Southeastern Section - 62nd Annual Meeting (20-21 March 2013)

Paper No. 6
Presentation Time: 4:50 PM


PULLIAM, Jay, Department of Geology, Baylor University, One Bear Place #97354, Waco, TX 76798, LOUIE, John N., Nevada Seismological Laboratory, University of Nevada, Reno, Reno, NV 89557, MOSCHETTI, Morgan P., US Geological Survey, Golden, CO 80401, SCHMITZ, Michael, FUNVISIS, Final Calle Mara, Urb. El Llanito, Caracas 1070, 76880, Venezuela, BROWN, Lyndon, Seismology Unit, The University of the West Indies, Mona, Mona, Jamaica, VALDÉS GONZALEZ, Carlos, Servicio Sismológico Nacional, Instituto de Geofísica, Universidad Nacional Autónoma de México, Ciudad Universitaria, 04510, Mexico, SALAZAR, Walter, Seismic Research Centre, University of the West Indies, St. Augustine, 0000, Trinidad and Tobago, POLANCO, Eugenio, Instituto Sismológico Universitario, Universidad Autónoma Santo Domingo, Ciudad Universitario, Apto. Postal 1335, Santo Domingo, 00000, Dominican Republic, PROTTI, Marino, Ovsicori, Universidad Nacional, Heredia, Costa Rica and HUÉRFANO-MORENO, Victor, Puerto Rico Seismic Network, University of Puerto Rico at Mayaguez, Box 9000, Mayagüez, PR 00680,

“Site characterization” consists of measuring the local geological and geotechnical factors that potentially affect earthquake shaking at particular site, such as sediment thickness and shallow shear-wave velocity. Shallow shear-wave velocity is the only site factor included for assessment at all building sites by the International Building Code (BSSC, 1997; IBC, 2006). The field of seismic site characterization, a critical component of earthquake hazard mitigation, is currently undergoing a revolution in response to new sensor and communication technologies, theoretical developments that allow the use of ambient energy (“noise” or “microtremors”) instead of active energy sources, and the development of practical “global search” algorithms. These new techniques offer the promise of numerous, comprehensive, fast and accurate surveys whose results can form the basis of detailed and realistic simulations on high-performance computers, to rapidly create and evaluate “what if” scenarios in the context of urban areas or particularly vulnerable structures.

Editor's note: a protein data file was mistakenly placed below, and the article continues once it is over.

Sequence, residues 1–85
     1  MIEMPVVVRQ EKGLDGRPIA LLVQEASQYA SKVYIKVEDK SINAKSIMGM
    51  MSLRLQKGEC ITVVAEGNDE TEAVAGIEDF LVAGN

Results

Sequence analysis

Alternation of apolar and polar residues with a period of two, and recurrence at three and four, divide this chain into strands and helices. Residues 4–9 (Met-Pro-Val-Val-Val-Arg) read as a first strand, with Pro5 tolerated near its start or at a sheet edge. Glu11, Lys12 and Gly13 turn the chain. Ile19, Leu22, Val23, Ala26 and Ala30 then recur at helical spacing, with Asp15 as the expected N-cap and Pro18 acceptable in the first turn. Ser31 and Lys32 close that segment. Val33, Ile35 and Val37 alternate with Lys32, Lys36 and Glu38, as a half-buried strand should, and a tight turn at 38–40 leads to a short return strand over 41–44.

A Pan-American Advanced Studies Institute (PASI) will be convened in Santo Domingo, DR in July 2013 to study, apply, and assess modern strategies for earthquake hazard analysis with a focus on techniques for seismic site characterization. The PASI will include lectures, demonstrations, data acquisition in the city of Santo Domingo, data analysis in a laboratory, and a round-table discussion of future research directions and projects. The Institute, funded by the U.S. National Science Foundation as a project of the IRIS Consortium and the Alliance for Middle America Seismology/Alianza Mesoamericana de Sismología (ALMAS), builds on a workshop held in Heredia, Costa Rica in October 2010 called Geophysical Hazards and Plate Boundary Processes in Central America, Mexico and the Caribbean: A Workshop to Build Seismological Collaboration and Capacity. Early-career scientists and engineers from across the Americas are invited to apply to attend the PASI (and eleven-day workshop). This presentation will discuss the goals and strategies of the PASI and invite discussion that will aid in the workshop’s planning, as well as contributions aimed at generating the next “Middle America” seismology community event.